Decorating for the holidays can take on a life of its own. These days, it seems completely rearranging and redecorating your home during the holiday season is standard practice. But come January, it's time for everything to go. Why not appoint your house in such a way that will carry you through the Winter?In past years I've completely cleared off tables and started over with angels, candles, nutcrackers and the like. This year I'm taking a different, slightly more Scandinavian approach. Elements include:
• Bowls of kumquats
• Paper whites
• Over-sized lattice lanterns
• Mason jars with Epson salt and Hanukkah candles piled inside
Yes, it's subtle and, no, there's no red in sight. But the paper whites and the kumquats are elements that I wouldn't normally use in everyday decorating. They add enough of a festive touch to make it seem appropriate for both wintertime and Holiday celebrations.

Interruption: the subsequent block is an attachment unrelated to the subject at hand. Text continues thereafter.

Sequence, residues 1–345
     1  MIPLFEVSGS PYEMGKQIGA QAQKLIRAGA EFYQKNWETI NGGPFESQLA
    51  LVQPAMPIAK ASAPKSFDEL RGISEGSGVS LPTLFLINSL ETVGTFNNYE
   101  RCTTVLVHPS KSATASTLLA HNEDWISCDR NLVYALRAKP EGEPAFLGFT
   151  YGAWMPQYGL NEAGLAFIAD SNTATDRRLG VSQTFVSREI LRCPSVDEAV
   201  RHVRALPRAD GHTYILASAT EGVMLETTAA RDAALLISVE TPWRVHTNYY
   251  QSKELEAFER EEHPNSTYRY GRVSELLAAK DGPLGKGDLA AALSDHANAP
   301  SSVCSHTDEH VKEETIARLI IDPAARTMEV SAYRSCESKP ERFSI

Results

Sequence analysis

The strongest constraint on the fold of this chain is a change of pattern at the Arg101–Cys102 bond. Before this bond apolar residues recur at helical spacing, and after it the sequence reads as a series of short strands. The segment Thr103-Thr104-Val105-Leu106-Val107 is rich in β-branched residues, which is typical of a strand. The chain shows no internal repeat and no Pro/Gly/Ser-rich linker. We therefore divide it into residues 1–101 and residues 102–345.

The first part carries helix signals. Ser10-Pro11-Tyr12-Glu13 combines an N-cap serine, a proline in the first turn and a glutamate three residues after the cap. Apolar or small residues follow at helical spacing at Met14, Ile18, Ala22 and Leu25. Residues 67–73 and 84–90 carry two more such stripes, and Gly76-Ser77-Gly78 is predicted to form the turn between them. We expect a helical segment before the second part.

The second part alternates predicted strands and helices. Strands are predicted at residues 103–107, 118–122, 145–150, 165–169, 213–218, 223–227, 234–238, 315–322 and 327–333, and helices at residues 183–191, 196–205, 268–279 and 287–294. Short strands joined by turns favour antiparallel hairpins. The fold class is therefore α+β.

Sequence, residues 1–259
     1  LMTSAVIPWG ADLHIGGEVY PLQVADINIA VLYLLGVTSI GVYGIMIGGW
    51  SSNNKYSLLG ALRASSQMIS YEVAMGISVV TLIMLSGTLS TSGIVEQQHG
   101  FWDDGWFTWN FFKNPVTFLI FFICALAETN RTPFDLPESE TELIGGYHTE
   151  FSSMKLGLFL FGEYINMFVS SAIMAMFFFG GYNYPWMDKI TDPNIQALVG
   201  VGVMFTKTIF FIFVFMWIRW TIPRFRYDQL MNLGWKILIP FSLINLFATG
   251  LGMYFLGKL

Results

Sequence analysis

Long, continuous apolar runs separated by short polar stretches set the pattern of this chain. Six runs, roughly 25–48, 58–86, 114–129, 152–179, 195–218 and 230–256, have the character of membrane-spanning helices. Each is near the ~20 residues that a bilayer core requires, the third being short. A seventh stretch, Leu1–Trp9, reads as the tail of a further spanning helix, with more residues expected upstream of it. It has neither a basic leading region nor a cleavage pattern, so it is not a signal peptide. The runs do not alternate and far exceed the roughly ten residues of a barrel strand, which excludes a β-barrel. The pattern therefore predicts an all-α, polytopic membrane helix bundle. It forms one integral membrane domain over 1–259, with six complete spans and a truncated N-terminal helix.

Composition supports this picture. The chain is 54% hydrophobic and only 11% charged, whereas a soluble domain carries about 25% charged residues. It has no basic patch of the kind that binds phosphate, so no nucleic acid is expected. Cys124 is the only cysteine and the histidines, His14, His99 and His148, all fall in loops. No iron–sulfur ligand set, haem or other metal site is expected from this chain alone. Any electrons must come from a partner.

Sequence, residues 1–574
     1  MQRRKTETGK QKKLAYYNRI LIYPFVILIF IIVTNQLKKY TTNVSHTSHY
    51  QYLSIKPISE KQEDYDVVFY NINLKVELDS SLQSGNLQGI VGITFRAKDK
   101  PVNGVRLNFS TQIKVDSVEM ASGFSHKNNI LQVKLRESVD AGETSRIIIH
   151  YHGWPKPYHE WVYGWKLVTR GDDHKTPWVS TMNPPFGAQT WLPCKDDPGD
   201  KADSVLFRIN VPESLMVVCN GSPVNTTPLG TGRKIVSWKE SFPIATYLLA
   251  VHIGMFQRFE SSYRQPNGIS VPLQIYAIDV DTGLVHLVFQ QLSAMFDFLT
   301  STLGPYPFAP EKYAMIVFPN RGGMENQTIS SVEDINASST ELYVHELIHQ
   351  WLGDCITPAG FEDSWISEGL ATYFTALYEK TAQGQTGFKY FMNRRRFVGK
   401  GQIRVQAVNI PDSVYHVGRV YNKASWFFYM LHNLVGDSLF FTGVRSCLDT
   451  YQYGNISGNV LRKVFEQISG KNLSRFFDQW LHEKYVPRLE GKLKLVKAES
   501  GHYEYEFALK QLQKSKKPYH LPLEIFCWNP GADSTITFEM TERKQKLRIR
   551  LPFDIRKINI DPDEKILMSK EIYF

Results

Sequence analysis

With my mantel, I've gone in a similar route. There are seasonal greens interspersed among objects that I might normally have displayed, such as an antique piece of Staffordshire china. Elements include:
• An Undecorated boxwood wreath
• Magnolia leaves
• Pine and evergreen branch bouquets
• White marble candle-holders
Come January the only things I would change might be the bouquets of evergreens.
Of course, I also might go really minimal, with this:
This verges on ambiguously festive, but what I like is the use of an orchid, which has classically been an appropriate house plant during the Winter months. The boxwood wreath is arguably the most specifically Christmas part of the arrangement, but because there is no bow, it could carry us through January. That said, I can already hear the comments of how it's too subtle and underwhelming. Sometimes less isn't more!
Do you try to decorate in a way that will last? If so, what elements stay around in your house during January and beyond?
(Images: Cate West Zahl)